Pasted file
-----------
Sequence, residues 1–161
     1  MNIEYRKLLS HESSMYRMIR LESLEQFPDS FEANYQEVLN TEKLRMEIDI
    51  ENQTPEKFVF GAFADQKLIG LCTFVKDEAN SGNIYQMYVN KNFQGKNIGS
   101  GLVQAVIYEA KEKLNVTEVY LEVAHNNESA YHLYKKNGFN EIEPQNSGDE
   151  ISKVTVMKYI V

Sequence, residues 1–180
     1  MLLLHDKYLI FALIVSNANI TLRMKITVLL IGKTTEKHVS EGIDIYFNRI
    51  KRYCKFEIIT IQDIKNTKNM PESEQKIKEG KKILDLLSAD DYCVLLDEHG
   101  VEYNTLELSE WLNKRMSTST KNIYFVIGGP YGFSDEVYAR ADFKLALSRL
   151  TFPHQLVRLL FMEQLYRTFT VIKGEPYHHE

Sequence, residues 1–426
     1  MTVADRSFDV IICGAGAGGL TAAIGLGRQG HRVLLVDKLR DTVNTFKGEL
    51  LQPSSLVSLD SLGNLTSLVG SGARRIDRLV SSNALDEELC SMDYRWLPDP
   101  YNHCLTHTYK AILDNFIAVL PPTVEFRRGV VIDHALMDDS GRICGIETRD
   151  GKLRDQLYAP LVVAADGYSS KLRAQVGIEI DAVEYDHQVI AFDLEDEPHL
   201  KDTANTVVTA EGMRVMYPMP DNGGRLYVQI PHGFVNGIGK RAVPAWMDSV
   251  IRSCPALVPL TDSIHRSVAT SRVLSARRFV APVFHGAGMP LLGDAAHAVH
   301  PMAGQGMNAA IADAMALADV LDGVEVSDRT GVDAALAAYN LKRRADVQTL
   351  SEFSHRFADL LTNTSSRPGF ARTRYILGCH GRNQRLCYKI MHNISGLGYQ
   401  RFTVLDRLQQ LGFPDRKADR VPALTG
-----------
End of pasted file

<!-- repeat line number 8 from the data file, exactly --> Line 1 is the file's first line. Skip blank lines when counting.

    51  KRYCKFEIIT IQDIKNTKNM PESEQKIKEG KKILDLLSAD DYCVLLDEHG